Standing in Pace MacGill, an art gallery in midtown Manhattan, the art market researcher-cum-entrepreneur Magnus Resch opened an app on his iPhone and beamed. “Take a picture of an artwork,” he said, handing over his phone, which displayed a salmon-red and white interface bearing the logo “Magnus.”
A button on the screen was dutifully pressed, and the artwork in question—a 1973 image by the photographer Hiro, which was presented without a label on the gallery’s wall—appeared, after a beat, on the phone, correctly identified. But the app didn’t just display the artwork; it loaded, unprompted, the photograph’s title, attribution, dimension, price ($20,000), and, further down on the screen, a history of past work and exhibitions by the artist.
“It’s the Shazam of the art world,” Resch said, still smiling.
The premise of Magnus, which was first reported by the New York Times, is simple, straightforward, and incredibly ambitious. The app aims to catalogue the existence and price of every artwork and to make that information publicly available. It’s the holy grail of the art market.
Accordingly, Magnus isn’t the art world’s first attempt. Artsy, Artnet, and others have set out to do the same thing with (mostly) disappointing results, in large part because it’s a herculean task by any measure—artworks are made and sold every day, often without any public exposure. That’s why a database like Artnet focuses exclusively on publicly available auction sales, and that’s also why Resch’s app, which has logged about 8 million artworks, could be a game changer. Unlike Artnet, Resch’s database also includes works on the primary market—about 12 percent of his total database. It’s that 12 percent sliver that makes Magnus so compelling.
“I’m providing true access to the art market,” Resch said in a subsequent interview. “People who’ve thus far been left out of the market can become buyers: They see comparable prices. We’re equipping nonexperts with the knowledge of an expert.”
In other words, Resch’s app is for people outside the art world who walk into a gallery, see a photograph on sale for $20,000, and wonder (quite reasonably) why it costs $20,000 and not $5,000. If that same person can walk into a gallery and use Magnus to access the artist’s exhibition history and price records, Resch reasons, the photograph’s $20,000 price might make more sense.
Maintaining the Database
The biggest issue is the same that has boondoggled other past attempts: keeping the primary market database up to date. Until now, images and prices have been updated by a core group of 200 beta users. That’s not sustainable, but Resch’s solution is to harness ingrained behavior—people taking photos of art in galleries and fairs—and use it as crowdsourcing.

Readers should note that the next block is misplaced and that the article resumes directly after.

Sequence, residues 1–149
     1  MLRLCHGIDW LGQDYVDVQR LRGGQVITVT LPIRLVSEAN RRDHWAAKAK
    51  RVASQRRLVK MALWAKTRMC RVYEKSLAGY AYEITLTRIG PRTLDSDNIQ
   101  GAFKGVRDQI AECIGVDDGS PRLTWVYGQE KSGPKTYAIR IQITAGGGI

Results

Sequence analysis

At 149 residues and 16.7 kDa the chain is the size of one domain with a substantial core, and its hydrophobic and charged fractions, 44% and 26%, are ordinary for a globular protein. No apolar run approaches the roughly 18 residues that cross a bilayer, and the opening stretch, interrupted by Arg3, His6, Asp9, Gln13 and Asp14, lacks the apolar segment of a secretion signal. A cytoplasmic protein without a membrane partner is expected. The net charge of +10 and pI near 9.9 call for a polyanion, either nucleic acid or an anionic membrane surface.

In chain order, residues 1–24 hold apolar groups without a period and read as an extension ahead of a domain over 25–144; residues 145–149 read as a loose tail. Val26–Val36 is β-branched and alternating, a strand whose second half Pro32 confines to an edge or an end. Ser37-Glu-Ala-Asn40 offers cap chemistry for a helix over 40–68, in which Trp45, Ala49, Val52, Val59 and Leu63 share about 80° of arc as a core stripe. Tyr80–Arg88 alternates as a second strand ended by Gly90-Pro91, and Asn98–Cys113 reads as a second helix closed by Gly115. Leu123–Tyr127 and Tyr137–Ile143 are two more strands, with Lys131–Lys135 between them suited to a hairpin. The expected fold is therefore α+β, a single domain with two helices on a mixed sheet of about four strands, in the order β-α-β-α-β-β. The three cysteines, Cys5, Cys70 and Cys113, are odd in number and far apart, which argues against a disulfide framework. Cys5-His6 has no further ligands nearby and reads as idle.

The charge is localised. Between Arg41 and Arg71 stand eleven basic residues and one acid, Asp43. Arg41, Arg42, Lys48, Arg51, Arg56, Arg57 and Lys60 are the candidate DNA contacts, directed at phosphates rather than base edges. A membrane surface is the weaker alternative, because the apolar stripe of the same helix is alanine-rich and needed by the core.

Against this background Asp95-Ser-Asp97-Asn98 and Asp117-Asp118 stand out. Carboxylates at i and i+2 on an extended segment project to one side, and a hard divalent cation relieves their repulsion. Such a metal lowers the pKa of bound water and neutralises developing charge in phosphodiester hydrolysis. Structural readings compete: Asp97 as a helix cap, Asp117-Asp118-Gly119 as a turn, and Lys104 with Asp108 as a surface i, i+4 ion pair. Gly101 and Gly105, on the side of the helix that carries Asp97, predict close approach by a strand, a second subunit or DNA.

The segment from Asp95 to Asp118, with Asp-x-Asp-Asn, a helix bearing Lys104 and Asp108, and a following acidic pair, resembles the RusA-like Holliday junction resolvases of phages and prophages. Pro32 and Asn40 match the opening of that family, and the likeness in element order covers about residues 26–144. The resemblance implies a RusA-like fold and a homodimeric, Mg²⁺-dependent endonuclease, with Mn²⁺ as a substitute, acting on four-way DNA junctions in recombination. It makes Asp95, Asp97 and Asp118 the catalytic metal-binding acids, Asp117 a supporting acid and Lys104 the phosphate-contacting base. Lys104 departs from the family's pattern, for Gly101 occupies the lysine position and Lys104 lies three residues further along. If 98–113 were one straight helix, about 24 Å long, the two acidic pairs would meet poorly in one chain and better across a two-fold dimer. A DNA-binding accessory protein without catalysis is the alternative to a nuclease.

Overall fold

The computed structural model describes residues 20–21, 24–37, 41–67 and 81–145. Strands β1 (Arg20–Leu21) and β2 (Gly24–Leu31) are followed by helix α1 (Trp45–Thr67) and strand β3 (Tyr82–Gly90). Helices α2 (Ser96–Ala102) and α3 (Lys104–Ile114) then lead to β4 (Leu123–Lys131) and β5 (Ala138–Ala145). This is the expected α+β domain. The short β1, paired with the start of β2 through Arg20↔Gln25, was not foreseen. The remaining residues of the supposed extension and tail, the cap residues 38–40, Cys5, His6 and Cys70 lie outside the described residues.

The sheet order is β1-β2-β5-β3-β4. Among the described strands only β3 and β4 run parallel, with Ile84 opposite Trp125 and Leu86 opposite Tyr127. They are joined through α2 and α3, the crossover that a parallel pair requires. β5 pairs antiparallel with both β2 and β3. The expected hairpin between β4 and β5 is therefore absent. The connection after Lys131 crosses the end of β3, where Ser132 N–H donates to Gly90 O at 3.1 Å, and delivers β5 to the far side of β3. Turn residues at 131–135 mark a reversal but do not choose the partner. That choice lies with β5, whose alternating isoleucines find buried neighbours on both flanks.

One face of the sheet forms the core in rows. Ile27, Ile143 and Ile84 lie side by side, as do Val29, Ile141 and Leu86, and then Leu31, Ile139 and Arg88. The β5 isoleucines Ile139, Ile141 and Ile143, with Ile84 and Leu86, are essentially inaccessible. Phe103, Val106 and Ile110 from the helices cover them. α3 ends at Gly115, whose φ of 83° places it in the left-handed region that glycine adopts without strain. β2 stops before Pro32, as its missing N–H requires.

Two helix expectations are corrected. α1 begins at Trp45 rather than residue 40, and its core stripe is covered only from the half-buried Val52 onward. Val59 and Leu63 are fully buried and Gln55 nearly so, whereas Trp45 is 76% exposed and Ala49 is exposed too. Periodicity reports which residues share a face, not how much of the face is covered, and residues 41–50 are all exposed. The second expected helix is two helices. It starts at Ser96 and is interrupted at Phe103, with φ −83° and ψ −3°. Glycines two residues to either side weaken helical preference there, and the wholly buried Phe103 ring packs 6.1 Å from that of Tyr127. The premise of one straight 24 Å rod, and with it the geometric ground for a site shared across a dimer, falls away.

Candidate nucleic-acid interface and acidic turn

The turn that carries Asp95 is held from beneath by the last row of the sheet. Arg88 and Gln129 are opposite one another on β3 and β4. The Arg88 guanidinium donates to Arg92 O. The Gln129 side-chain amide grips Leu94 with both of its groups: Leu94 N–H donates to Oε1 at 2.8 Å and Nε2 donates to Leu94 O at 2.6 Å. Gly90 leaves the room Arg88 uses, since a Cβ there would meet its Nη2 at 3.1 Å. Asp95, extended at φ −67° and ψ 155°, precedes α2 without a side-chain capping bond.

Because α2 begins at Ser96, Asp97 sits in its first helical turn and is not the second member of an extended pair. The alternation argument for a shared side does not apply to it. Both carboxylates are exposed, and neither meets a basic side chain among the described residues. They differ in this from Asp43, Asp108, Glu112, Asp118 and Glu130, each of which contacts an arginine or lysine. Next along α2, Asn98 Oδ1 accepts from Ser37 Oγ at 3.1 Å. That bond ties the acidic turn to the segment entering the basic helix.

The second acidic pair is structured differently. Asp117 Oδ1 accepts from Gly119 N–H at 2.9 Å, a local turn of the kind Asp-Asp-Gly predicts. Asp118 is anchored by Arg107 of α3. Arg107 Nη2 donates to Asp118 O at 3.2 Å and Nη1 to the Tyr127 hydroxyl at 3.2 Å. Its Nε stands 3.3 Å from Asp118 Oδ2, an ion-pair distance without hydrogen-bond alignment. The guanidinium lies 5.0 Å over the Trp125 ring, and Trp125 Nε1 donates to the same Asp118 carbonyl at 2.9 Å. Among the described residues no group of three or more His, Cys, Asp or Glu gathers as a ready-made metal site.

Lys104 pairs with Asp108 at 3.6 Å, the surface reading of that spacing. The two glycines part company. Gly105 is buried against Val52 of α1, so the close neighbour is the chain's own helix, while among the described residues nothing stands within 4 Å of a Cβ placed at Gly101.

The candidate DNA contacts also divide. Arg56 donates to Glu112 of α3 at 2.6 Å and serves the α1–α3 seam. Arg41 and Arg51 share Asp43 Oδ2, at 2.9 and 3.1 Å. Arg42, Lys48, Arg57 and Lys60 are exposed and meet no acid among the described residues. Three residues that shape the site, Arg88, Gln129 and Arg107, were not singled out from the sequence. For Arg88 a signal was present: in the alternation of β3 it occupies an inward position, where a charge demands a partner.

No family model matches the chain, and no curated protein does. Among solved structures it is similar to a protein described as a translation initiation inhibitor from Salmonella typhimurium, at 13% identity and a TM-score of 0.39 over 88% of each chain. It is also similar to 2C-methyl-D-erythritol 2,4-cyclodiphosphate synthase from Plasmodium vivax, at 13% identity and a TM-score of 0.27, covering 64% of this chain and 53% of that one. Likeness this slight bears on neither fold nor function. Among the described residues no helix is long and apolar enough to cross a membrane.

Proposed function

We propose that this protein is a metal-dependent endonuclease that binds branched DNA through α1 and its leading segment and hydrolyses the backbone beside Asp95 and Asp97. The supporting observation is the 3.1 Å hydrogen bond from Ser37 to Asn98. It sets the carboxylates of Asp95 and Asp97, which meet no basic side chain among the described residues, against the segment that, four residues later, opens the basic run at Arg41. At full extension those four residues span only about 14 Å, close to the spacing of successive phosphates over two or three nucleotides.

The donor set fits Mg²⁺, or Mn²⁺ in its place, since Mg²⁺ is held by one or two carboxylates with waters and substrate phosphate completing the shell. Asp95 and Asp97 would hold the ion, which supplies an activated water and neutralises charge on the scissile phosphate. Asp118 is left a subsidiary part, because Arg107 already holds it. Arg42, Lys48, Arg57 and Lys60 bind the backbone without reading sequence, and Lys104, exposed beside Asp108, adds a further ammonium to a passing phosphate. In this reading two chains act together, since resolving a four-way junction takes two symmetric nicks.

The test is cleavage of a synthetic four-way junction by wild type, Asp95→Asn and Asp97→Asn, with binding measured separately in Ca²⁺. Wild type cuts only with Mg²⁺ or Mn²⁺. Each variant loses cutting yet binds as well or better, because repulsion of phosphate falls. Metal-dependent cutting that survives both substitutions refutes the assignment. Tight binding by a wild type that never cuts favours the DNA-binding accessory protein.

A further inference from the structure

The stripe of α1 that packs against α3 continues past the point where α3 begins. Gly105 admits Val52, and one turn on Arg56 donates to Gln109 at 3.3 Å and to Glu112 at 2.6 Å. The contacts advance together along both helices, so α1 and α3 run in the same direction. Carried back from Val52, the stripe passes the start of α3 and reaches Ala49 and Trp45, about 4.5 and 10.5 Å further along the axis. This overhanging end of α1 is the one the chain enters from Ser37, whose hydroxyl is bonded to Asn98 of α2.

“People already take out their phone to take pictures when they go to galleries,” Resch said. “Doing it with my app benefits everyone.” Just as drivers spot speed traps on Waze and wine-lovers photograph bottles to discover price markups on Vivino (Magnus actually uses Vivino’s image-recognition software), Resch is counting on gallery goers to stockpile his app with current information.
Here’s how it will work: An art lover can take a photo with Magnus and share it via Instagram, Facebook, Twitter, or e-mail. If that artwork is new to the Magnus database, the app will log and tag it, and the art viewer has the option of manually adding its price. If the artwork in question is already in the database—like the photo at the Pace MacGill gallery—relevant information will be served to the user.
Users can also scroll through a map of the city and click on various galleries to see their current shows. And Resch said that within the next week, users will also be able to pull up a list of the artworks on display. (It’s available in New York starting today; London will be rolled out next, followed by Berlin.)
It’s a lovely, streamlined idea, and possibly the first app to have a real impact on the art world. There are a few major hurdles to overcome before that happens, though, and all of them have to do with primary art prices.
The first issue is obvious to anyone who’s ever visited a gallery: Galleries don’t show prices.
“You just have to ask,” Resch countered. “And a lot of the time, a price list is just lying around the gallery.” (At Pace MacGill, in fact, a price list was sitting on the counter near the entryway.)
The second issue is pushback from galleries. There’s a variety of reasons they don’t show prices: Price tags cheapen a gallery’s museum-like aesthetic; sometimes only a few works in an exhibition are for sale; and there’s the uncomfortable fact that art can be priced differently for different people.
Resch, who wrote The Management of Art Galleries, which argued that galleries should streamline their business models, is familiar with the phenomenon and remains unfazed. “Galleries might not be happy about it, but what do they really have to hide?” he said.
Despite these potential pitfalls, Resch, predictably, is confident the app will be a success. “I was running around with it yesterday,” he said. “It’s amazing to see an artwork, point a phone at it, and get its price. It just makes me super happy.”